On June 20, 2012, the Canadian Securities Administrators (CSA)
published the latest in a series of over-the-counter derivatives
consultation papers. Comments on the consultation paper are being
accepted until September 21, 2012.
The main recommendation is that the CSA take the necessary steps
to make central counterparty clearing (CCP clearing) mandatory for
eligible over-the-counter derivatives (OTC Derivatives). In a
central counterparty (CCP) model, after a trade is executed, either
directly between two counterparties or on an exchange or electronic
trading platform, the CCP becomes the counterparty to each of the
The paper details proposals on:
the process for determining which OTC derivatives are eligible
for mandatory CCP clearing;
the recognition, regulation and governance of CCPs;
clearing member access; and
Eligibility for Mandatory CCP Clearing
The paper recommends that CCPs make recommendations to
regulators about which OTC derivatives should be regulated. Since
not every OTC derivative will be suitable for CCP treatment, the
paper sets out the factors that a market regulator should consider,
such as whether the contract is sufficiently standardized to be
cleared through a CCP, whether the underlying instruments or
markets for the underlying instruments provide adequate pricing
information, whether there is sufficient liquidity in the contract
and whether the contract would bring undue risk into a CCP.
Recognition, Regulation and Governance of CCPs
In keeping with current approaches to the recognition of
self-regulatory organizations in the securities domain, the paper
proposes that market regulators provide for the recognition and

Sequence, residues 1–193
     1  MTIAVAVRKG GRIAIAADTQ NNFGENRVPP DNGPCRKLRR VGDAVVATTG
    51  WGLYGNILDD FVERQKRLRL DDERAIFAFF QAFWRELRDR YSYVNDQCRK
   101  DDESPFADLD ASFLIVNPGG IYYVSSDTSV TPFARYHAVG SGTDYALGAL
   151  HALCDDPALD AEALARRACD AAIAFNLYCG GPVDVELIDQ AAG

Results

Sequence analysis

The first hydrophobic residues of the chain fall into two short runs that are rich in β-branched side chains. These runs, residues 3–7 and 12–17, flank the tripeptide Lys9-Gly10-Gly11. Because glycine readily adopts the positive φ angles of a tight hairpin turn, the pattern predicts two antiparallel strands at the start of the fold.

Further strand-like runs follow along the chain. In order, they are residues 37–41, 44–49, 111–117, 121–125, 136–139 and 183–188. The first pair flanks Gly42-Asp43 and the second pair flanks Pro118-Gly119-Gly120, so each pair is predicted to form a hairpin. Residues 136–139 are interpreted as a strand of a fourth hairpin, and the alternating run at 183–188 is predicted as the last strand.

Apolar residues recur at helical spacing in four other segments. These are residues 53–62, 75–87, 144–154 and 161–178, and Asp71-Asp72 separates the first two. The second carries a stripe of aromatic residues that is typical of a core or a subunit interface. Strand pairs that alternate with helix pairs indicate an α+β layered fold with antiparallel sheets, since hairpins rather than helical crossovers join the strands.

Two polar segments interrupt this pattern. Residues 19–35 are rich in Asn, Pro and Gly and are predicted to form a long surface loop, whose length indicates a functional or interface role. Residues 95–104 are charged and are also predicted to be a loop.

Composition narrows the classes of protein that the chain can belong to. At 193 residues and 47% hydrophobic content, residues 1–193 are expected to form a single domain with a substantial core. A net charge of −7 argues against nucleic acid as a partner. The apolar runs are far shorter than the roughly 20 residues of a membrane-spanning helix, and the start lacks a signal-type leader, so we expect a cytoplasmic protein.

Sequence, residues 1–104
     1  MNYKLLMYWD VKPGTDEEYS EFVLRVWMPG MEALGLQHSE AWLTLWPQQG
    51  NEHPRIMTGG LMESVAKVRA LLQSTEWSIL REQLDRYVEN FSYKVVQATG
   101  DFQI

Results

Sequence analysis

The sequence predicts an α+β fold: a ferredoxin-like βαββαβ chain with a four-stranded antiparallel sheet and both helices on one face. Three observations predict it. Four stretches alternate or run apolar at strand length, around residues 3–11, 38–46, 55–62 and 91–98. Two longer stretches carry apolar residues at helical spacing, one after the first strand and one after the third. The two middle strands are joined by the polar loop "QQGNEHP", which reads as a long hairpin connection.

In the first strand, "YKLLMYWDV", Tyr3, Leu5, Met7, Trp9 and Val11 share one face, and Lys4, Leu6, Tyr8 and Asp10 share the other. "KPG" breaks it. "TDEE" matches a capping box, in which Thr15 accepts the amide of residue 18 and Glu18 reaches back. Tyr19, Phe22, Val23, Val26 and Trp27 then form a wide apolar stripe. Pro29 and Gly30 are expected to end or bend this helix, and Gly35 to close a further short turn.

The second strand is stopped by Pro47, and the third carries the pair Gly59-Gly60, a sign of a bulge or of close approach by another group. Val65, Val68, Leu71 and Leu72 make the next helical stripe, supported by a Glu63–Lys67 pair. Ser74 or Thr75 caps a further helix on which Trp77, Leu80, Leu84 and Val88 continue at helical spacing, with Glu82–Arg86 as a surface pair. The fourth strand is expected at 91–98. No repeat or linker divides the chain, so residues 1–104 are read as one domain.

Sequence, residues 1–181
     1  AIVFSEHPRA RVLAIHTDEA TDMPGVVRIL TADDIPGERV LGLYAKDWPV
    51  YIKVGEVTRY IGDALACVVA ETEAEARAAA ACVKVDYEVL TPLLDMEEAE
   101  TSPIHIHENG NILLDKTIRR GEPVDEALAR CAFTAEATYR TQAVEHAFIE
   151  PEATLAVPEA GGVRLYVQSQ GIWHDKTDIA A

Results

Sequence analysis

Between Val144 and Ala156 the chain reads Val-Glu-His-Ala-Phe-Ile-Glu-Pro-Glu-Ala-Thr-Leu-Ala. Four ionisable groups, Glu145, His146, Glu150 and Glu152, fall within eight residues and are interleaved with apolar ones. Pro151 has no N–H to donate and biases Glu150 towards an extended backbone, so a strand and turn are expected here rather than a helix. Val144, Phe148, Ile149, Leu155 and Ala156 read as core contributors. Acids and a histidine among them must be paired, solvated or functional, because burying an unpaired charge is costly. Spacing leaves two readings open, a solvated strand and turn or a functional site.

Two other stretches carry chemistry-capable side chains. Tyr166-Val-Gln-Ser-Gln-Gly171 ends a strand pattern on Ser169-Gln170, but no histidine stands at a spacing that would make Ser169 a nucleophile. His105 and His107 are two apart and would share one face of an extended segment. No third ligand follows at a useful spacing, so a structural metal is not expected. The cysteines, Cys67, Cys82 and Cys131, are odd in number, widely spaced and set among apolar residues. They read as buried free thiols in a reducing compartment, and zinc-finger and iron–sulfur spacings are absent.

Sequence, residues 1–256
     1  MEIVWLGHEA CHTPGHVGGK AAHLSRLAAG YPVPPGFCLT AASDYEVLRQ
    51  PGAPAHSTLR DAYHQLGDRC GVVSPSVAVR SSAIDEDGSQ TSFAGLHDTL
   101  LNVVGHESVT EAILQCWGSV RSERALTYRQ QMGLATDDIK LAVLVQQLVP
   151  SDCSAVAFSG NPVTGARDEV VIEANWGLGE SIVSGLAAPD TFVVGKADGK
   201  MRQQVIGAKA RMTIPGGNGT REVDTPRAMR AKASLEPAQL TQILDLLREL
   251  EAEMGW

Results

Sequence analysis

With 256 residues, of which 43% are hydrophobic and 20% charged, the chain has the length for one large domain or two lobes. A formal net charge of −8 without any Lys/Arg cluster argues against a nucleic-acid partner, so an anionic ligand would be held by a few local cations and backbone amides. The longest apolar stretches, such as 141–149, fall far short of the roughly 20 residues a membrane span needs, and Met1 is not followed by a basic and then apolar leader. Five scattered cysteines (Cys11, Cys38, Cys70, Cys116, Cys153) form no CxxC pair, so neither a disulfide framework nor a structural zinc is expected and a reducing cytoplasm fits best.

regulation of CCPs and the exemption from recognition of CCPs, and
that market regulators have the ability to apply terms and
conditions to the recognition or exemption from recognition of a
CCP, to approve or reject the CCP's rules and procedures, to
apply terms and conditions to such rules, including its risk
management model, to receive and review regular CCP filings,
including the CCP's financial statements, and to conduct
regular and ad hoc inspections. This recognition obligation would
apply not only to local CCPs, but also to CCPs from outside a CSA
jurisdiction that wish to exercise clearing activity with an entity
from a CSA jurisdiction. Legislation for the recognition of
clearing agencies is already in force in Québec, Ontario and
CCPs would be expected to implement governance structures to
provide that board members be independent of CCP management
persons, persons that have a material ownership interests in the
CCP and clearing members of the CCP.
Clearing Member Access
The paper proposes the adoption of regulations that require CCPs
to develop access policies that facilitate fair and open access and
that do not unreasonably prohibit or limit access to services
regardless of how the derivatives transaction is executed. The
access requirements established by a CCP or services offered by a
CCP should not create a competitive advantage for any trading
The paper proposes that regulations be developed to require that
a CCP create and implement a robust risk management program, in
accordance with international best practices. These programs should
be fully transparent to regulators, clearing members and other
relevant stakeholders. The Committee proposes that the regulations
set out specific requirements, including that a CCP:
conduct a full analysis of all relevant risks and have in place
appropriate risk management procedures;
impose transparent risk limits on individual clearing members,
requiring that the member inform its regulator or regulators when a
clearing member is at risk of default and when any default
procedures are triggered;
undertake and report to regulators on the results of regular
stress testing of the adequacy of the CCP's financial
maintain and utilize accurate pricing and valuation
maintain and utilize product approval procedures to ensure that
new clearing products do not bring undue risk to the CCP and its
have a chief risk officer who reports to the CCP's board of
directors or risk committee, as appropriate.
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